What are the Common Properties of Hydrocolloids?
Common Hydrocolloids Properties
Hydrocolloids can increase the viscosity of the system or form gels, sometimes also known as pastes, banyan gum, thickeners, edible gum. The basic properties of hydrocolloids include diffusion and Brownian motion, sedimentation phenomenon, osmotic pressure, optical properties, rheological properties, double electric layer around the limb mass, stabilization and flocculation, etc.
1. Function of Gelling
Some hydrocolloids can form gels at higher concentrations or under the conditions of external temperature, pH, ion concentration, etc.
Generally speaking, polysaccharides with more hydrophilic groups are easy to form gels. Polysaccharides with more branched chains are not easy to form gels because they are less affected by acids, bases and salts, but they can be complexed with other gums to form gels.
Anionic polysaccharides are easy to form gels in the presence of electrolytes, and usually electrolytes and chelating agents can be added to regulate the speed and strength of gel formation.
Hydrocolloid solution will be diluted by shear force such as squeezing and stirring, and the viscosity will be reduced, and hydrocolloid gel will be shaken or thixotropic under the effect of shear force.
As soon as the external force stops, the shaking or thinning solution can be frozen in the gel again.
2. Thickening Effect
Hydrocolloids have a certain viscosity, with thickening effect, hydrocolloid molecules do not interact with each other after hydration.
Generally speaking, the hydrocolloids that can easily form a network structure in solution or have more hydrophilic groups have a higher viscosity. The same hydrocolloid, the greater the molecular weight, the greater the viscosity of the system with the same mass concentration.
As the concentration of hydrocolloids increases, the viscosity increases to a greater or lesser extent.
The viscosity of ionic hydrocolloids is more influenced by the electrolyte and pH of the system than that of non-ionic hydrocolloids.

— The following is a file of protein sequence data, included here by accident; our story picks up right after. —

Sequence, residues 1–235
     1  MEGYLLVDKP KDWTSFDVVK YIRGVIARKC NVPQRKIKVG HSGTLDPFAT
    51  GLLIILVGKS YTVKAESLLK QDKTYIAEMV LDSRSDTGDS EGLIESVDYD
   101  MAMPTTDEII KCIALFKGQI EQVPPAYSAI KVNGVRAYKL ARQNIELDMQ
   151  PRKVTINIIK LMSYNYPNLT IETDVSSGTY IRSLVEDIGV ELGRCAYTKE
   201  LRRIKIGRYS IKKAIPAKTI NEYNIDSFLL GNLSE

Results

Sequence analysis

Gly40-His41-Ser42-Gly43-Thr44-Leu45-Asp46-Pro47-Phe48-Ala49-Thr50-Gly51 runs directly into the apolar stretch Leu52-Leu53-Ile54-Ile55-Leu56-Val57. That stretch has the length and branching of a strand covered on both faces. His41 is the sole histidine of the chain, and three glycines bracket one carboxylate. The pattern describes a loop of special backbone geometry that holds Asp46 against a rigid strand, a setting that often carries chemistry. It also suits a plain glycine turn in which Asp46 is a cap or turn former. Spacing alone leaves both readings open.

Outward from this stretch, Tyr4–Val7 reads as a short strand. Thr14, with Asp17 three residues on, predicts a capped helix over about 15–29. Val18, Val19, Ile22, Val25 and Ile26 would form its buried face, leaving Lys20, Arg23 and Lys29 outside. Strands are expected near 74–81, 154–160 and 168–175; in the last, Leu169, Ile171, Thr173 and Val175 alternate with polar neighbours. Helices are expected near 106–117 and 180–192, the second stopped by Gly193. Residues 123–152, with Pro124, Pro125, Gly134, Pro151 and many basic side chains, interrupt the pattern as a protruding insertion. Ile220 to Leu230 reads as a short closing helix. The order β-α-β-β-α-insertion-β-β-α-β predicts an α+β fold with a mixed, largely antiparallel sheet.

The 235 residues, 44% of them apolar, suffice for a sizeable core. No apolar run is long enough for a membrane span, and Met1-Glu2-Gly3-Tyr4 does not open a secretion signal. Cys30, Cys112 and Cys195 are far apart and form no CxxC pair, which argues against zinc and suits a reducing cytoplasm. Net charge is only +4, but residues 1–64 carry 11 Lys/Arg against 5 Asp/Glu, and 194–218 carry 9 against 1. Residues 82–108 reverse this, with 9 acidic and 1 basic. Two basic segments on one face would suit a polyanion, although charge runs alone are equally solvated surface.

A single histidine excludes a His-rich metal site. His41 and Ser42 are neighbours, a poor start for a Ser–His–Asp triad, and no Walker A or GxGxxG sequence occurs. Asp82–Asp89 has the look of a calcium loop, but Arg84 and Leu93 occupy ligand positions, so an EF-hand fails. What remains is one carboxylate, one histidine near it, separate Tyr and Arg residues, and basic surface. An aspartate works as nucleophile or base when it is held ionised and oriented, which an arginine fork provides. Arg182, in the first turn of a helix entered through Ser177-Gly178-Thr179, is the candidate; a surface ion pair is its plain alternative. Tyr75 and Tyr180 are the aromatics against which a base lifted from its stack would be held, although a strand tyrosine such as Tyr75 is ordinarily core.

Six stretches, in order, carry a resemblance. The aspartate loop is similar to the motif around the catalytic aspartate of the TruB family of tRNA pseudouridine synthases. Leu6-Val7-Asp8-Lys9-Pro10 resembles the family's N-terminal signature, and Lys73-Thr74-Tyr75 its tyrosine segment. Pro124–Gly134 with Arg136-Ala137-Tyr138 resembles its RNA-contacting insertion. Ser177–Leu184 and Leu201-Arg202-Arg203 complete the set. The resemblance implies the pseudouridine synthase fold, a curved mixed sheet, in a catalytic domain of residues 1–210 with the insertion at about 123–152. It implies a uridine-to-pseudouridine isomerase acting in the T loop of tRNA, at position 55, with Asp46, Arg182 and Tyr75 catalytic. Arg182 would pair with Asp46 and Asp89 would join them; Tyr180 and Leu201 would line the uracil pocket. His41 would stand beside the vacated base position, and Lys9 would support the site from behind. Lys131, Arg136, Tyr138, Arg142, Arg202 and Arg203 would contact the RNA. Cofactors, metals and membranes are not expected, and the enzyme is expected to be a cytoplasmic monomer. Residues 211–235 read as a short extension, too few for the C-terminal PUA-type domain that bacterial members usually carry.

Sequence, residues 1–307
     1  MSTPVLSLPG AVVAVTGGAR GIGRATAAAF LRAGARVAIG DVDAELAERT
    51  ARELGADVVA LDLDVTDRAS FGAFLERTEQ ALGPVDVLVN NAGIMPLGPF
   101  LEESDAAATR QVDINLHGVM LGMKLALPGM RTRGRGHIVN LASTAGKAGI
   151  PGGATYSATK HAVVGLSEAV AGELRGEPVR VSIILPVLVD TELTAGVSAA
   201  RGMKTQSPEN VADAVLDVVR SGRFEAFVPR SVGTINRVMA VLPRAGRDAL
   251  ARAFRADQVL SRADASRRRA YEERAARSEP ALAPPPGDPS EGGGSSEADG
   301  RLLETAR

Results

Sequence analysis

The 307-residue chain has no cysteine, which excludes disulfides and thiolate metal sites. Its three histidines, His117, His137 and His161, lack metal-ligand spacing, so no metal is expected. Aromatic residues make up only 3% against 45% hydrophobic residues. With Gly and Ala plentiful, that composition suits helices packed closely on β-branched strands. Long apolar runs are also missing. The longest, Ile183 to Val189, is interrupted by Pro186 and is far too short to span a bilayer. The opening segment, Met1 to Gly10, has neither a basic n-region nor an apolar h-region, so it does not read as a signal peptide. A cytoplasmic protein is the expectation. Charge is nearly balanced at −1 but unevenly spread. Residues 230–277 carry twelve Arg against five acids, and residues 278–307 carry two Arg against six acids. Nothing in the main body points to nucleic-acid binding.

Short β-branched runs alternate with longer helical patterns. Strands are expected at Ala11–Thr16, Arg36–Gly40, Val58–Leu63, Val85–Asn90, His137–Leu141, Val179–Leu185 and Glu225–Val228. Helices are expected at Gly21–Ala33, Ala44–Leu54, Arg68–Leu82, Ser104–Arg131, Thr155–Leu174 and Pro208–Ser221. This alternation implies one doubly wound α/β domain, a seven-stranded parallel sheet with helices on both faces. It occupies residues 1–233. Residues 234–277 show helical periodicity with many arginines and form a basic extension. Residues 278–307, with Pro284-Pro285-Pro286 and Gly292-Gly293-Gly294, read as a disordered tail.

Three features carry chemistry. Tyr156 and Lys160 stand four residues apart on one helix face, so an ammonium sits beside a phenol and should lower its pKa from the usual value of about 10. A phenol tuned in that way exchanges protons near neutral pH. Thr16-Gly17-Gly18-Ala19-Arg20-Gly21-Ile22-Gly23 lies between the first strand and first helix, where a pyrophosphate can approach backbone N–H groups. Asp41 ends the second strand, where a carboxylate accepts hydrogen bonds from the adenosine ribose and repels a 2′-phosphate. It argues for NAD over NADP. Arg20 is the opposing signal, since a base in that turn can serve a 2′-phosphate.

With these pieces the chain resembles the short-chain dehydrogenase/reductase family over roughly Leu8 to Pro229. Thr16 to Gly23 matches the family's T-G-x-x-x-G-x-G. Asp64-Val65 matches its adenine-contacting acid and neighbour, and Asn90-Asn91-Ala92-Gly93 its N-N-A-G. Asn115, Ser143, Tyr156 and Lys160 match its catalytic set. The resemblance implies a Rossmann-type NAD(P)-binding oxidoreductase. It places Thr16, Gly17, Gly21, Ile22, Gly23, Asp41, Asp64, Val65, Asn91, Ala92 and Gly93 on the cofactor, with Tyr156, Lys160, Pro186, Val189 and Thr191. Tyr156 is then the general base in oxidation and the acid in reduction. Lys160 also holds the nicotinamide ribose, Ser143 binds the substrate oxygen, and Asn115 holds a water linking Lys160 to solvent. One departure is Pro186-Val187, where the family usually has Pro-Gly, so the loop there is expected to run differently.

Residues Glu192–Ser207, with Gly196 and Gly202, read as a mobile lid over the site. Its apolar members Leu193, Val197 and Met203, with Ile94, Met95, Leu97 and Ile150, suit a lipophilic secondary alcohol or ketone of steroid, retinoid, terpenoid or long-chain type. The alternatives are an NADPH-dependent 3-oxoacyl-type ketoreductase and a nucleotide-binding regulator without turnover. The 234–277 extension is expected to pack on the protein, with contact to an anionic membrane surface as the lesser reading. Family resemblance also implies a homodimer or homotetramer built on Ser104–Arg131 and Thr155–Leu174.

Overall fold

For example, the viscosity of sodium alginate is stable at pH 5-10, and the initial viscosity increases significantly at pH less than 4.5, while the acid-catalyzed degradation of alginate molecules also occurs, and the viscosity gradually decreases. When the pH further decreases to 2-3, alginate precipitates and precipitates out, while the maximum viscosity of propylene glycol alginate appears at this time.
Polymers with more side chains (xanthan gum, propylene glycol alginate) have unique acid, alkaline and electrolyte resistance properties due to their special structures.
Other macromolecules with more side chains, such as propylene glycol alginate, have similar properties.
The viscosity of edible gum decreases when the temperature increases and increases when the temperature decreases. Many macromolecular substances undergo degradation at high temperatures, especially under acidic conditions, and a permanent decrease in viscosity occurs.
3. Synergy Effect
Some hydrocolloids show synergistic effects of thickening and gelation, such as carrageenan and locust bean gum; xanthan gum and locust bean gum; tragacanth gum and sodium alginate; tragacanth gum and xanthan gum.
The common features of these synergistic effects are.
When the solution is mixed and after a certain period of time, the viscosity of the system is greater than the sum of the viscosity of the components, or becomes a high strength gel after the gel forming.
For example, konjac gum compounded with other gums (such as xanthan gum, carrageenan, etc.) has an excellent synergistic effect, can make the viscosity of xanthan gum & carrageenan greatly increased.
A thickening agent compounded with Konjac powder and other gums (such as carrageenan, agar, CMC, xanthan gum, guar gum, locust bean gum, etc.), can be used in modulated milk and vegetable protein drinks to make the system stable and rich in taste.
Common Hydrocolloids Properties
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